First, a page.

In Confederates in the Attic, journalist Tony Horwitz scours Civil War battlegrounds adjacent to shopping malls and sends dispatches to his fellow Americans that sound less like news bulletins than wisecracks in a musical comedy.

After nine years in foreign countries, Horwitz moved to Virginia, where he discovered an America obsessed with the war in ways that stirred up his own memories of photographs that he had studied as a child with his father. "Lying awake in the night, pondering Civil War obsession, I'd plotted a hard-core campaign of my own. Super hard-core . . . The scheme . . . was to spend a year at war, searching out the places and people who keep memory of the conflict alive in the present day."

Chapter by chapter, Horwitz travels to each of the Eastern and Western Southern states where great battles were waged and pictured in etchings his grandfather showed him through a magnifying glass. His power to magnify the emotional impact and significance of details has evolved from childhood into a skill enjoyable to watch. Horwitz's re-enactor friend Rob takes him on what he calls "The Civil Wargasm," a high-speed car tour of the war's greatest sites. "This is my true calling a Civil War bum,' he said, biting into the day's first plug of tobacco. "The Gasm's a Bohemian thing, like a Ken Kesey bus tour, except that we're tripping the 1860s instead of the 1960s.'"

Experiencing what Rob calls a "period rush," Horwitz, too, becomes a captive of the past. "Our Gasm wasn't yet a day old but already I resented"—at Manassas—"the intrusion of current events."

Horwitz's single-minded comrade Rob exhibits in speech and behavior his evolution into what he is: a macho male accoutered with all the gadgets of the late 1990s and speaking its lingo to express a mania for every detail of the Civil War. Roving over hallowed places at a speed Civil War soldiers never imagined, Rob consumes facts and fables of the war the way he wolfs down Big Macs.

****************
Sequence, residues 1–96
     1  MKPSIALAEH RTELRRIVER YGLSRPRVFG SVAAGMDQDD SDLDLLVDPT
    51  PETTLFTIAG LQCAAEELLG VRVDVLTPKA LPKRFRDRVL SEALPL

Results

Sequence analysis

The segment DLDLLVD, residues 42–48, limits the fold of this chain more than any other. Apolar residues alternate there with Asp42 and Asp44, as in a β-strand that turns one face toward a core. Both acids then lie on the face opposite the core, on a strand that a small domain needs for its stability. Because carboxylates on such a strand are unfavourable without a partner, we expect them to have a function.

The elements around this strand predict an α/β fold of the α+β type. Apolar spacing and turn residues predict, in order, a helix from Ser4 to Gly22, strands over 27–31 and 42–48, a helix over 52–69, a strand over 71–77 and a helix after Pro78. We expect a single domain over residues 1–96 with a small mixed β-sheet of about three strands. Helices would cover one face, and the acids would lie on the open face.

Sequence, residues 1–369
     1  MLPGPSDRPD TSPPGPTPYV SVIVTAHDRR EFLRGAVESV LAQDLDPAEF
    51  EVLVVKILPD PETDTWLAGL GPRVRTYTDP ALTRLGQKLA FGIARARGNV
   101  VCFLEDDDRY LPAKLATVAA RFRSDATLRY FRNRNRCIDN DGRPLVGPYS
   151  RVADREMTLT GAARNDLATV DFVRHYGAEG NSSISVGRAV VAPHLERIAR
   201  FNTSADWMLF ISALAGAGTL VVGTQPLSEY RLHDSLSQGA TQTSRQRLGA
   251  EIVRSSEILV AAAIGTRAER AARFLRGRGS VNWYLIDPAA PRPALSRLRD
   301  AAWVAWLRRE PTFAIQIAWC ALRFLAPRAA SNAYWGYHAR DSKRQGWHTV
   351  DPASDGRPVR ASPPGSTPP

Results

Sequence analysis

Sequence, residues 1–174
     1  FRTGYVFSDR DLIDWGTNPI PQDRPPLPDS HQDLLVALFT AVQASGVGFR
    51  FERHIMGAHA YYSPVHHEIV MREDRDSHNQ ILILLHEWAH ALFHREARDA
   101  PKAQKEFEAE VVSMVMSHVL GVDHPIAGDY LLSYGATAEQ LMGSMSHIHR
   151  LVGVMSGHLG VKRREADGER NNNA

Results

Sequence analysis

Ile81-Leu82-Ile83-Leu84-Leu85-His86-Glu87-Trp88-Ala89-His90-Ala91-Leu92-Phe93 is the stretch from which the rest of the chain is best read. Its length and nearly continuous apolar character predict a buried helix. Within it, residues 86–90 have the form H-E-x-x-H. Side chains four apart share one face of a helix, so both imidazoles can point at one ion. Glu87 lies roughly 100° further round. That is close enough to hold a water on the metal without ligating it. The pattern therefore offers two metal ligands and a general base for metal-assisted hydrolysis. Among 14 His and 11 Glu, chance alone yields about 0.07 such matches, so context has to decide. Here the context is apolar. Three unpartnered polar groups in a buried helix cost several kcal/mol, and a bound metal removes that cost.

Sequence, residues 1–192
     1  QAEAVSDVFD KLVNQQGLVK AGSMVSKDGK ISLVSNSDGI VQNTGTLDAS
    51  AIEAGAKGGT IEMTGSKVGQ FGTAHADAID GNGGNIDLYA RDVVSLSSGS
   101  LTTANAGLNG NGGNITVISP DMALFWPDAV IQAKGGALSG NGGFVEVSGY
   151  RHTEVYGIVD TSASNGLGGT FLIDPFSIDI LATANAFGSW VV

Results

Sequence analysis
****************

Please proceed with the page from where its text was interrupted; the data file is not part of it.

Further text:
"The Old South was plowed under," wrote Henry Miller in The Air-Conditioned Nightmare in 1945, after a journey similar to Horwitz's. "But the ashes are still warm." Horwitz elaborates upon that epigraph throughout the book. "Vicksburg confirmed the dispiriting pattern I'd seen elsewhere in the South . . . Everywhere, it seemed, I had to explore two pasts and two presents, one white, one black, separate and unreconcilable. The past had poisoned the present and the present, in turn, now poisoned remembrance of things past."

If Horwitz wields humor as a shield against a hydra-headed monster of obsession, in the end, it doesn't save him. "While I felt almost no ideological kinship with these unreconstructed rebels, I'd come to recognize that in one sense they were right. The issues at stake in the Civil War race in particular remained raw and unresolved . . . But while my travels had brought me to some understanding of others' obsession, I still felt strangely unable to explain my own."

As a qualifier to an underlying purpose that couldn't be more serious, Horwitz's humor has the effect of luring and then lulling those readers who may think preoccupation with the Civil War is ridiculous. Such readers will come away from Horwitz's battleground scenes more open than before to possible ways of seeing and feeling the relevance of the war to their own lives.


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